Ashkelon’s 2014 season cut short
For almost thirty years, the Leon Levy Expedition to Ashkelon has excavated at the ancient seaport of Ashkelon in Israel. Below, Dr. Tracy Hoffman describes the end of the 2014 field season, which was cut short by dramatic events in the region. For more on Ashkelon in 2014, read about the start of the excavation and about the dig’s midseason progress.
When any North American excavation in Israel or the West Bank faces a situation like this, there is one institution that is at the center of the discussion: the W.F. Albright Institute of Archaeological Research in Jerusalem. This institute houses archaeologists throughout the year and in the summer, its courtyard serving as an information hub for excavators, particularly during its traditional daily teatime. But in times of crisis, this information hub becomes a lifeline for excavations. As soon as the situation changed in Ashkelon, the Albright Institute, under its new director Matthew J. Adams, served a key role in facilitating the logistics of every step that followed.
Our first move was to take a tour of northern Israel. This not only dealt with the immediate questions of safety but also gave the entire team a chance to place ancient Ashkelon, and our work at the site, within the larger context of the history and archaeology of Israel. Since Ashkelon was inhabited from the Bronze Age through the Crusades, the excavation staff included experts in many of these periods. Excavation director Daniel Master of Wheaton College helped the students compare the arched Canaanite Gate at Ashkelon to the arched Canaanite Gate at Tel Dan, while R. Denys Pringle of Cardiff University explained the architecture and history of Nimrod’s Fortress and Belvoir. Students also hiked around the Arbel Cliffs and Gamla while visiting Hazor, Beth Shean, the synagogue at Beth Alpha and Megiddo. Like the excavations at Ashkelon itself, this tour allowed students to experience the entire chronological sweep of the ancient Southern Levant.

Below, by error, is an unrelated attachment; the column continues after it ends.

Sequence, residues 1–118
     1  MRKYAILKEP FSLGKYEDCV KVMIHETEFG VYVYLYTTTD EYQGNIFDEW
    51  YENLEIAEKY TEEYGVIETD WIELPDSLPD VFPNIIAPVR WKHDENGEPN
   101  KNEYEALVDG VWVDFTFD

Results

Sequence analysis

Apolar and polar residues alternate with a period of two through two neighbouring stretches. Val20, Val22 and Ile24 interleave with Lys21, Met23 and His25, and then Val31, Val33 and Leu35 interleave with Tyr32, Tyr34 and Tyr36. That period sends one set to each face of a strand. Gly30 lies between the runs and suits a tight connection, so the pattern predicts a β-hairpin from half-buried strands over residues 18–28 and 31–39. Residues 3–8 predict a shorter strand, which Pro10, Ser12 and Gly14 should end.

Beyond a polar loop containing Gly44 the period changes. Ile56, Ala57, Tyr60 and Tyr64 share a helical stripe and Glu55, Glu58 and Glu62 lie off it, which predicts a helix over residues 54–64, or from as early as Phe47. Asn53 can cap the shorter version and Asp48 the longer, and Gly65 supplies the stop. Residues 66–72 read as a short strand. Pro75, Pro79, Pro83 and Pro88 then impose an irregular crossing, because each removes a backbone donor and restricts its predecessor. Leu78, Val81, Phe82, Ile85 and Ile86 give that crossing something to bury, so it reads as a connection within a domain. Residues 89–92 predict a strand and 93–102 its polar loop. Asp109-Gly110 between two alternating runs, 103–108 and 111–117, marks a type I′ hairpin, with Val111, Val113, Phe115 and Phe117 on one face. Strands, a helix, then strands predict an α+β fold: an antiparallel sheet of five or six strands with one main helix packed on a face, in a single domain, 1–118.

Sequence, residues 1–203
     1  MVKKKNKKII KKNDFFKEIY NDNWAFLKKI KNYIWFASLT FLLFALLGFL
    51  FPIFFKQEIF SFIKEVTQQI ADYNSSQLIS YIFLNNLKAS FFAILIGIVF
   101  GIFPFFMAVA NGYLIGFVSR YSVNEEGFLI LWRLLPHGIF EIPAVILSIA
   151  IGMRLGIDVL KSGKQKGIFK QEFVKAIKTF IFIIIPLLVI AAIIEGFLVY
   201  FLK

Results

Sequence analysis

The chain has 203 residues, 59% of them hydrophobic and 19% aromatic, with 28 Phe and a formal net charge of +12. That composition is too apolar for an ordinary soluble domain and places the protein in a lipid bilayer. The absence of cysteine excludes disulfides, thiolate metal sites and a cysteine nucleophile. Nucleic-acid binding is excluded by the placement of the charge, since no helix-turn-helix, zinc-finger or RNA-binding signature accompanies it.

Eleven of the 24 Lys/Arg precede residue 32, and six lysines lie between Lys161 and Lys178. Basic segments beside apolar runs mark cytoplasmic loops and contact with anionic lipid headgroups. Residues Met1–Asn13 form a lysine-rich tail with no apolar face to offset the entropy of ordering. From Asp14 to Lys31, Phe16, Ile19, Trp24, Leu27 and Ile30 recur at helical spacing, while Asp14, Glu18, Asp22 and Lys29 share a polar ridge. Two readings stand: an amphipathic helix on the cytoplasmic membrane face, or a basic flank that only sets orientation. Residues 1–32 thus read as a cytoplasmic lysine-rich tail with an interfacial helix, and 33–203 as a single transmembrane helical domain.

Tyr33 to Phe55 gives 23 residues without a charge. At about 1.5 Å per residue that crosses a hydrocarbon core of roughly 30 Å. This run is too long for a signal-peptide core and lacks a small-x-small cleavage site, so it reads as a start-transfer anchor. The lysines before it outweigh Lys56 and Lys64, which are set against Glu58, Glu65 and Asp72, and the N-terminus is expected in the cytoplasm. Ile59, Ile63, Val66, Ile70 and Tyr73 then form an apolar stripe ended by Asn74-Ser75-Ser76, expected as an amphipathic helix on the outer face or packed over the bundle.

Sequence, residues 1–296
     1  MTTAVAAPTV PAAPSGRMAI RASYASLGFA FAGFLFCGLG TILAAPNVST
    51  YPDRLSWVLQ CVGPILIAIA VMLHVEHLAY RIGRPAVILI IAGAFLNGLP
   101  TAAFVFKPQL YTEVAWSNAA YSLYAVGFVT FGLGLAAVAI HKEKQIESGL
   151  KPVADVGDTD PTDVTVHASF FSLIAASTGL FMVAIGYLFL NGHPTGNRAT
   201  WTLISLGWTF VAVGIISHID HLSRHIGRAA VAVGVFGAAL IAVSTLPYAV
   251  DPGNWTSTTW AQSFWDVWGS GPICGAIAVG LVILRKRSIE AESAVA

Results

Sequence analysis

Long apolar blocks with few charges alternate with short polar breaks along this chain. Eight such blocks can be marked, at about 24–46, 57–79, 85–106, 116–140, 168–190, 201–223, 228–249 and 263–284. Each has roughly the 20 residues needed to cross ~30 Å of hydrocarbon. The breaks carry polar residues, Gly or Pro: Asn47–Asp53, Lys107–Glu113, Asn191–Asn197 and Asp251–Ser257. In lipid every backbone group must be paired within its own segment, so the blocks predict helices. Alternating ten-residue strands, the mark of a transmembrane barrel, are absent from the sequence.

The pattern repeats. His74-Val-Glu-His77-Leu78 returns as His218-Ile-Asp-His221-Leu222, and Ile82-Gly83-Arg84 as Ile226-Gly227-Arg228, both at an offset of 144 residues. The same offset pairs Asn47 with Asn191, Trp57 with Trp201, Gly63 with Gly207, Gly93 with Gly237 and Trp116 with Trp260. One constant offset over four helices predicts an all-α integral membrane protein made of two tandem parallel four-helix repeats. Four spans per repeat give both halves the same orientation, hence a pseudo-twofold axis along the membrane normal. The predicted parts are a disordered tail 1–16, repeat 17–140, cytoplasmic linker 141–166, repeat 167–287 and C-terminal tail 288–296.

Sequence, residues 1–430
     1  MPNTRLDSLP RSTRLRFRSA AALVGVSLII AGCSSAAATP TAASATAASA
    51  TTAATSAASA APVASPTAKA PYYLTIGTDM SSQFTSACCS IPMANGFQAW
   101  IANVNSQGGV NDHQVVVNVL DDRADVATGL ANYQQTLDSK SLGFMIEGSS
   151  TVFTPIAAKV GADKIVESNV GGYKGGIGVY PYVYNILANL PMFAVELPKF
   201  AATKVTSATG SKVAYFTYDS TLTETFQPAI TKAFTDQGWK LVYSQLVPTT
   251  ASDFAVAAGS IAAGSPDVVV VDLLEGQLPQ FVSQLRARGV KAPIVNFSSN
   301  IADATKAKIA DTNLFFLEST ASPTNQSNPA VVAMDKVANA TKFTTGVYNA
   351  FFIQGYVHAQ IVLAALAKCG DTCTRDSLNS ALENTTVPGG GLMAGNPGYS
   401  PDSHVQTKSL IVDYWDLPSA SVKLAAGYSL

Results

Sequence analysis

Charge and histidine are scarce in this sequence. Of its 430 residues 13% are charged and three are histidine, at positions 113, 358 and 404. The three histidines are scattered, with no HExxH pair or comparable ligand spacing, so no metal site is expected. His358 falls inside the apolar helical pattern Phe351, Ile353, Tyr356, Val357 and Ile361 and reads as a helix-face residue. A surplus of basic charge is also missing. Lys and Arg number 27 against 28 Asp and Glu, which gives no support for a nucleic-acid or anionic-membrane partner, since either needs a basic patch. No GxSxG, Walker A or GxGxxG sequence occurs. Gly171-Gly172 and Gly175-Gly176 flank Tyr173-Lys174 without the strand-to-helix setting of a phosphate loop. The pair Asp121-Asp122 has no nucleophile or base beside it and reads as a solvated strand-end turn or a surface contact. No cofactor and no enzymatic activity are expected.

At the same time, the bulk of the staff of the Leon Levy Expedition made its way to Jerusalem to finish out the season’s work at the Albright Institute in Jerusalem. Every member of the staff felt the burden of curating the objects that we had taken from the field. For some team members this meant finishing plans and reports. For others, it was creating an inventory of the season’s finds. And for yet another group, it was cleaning some of the most delicate discoveries of the season, so that they could be safely stored without deteriorating. This all took research space, and the Albright Institute offered that space. Some staff stayed for a weekend, others for two and a half weeks. Matt Adams, director of the Albright, was able to mitigate the archaeological consequences of the Gaza conflict. He and his staff provided a home to an excavation in need. We could not have finished our season without them.
There is still much to do in Ashkelon. Once the conflict is over, we hope that life in Ashkelon will return to its peaceful rhythms. Only then can we start to think again about our questions of the past. There is much we want to know. What is the extent of Nebuchadnezzar’s destruction? Can a step trench reveal Ashkelon’s earliest city? Can we finally figure out the intricacies of the classical city plan? The answers to these questions have been under the soil for millennia. They can wait a little longer. We hope that the coming fall and year ahead will be safe for everyone in the region. Perhaps then we can work together to uncover the stories of Ashkelon’s glorious past.
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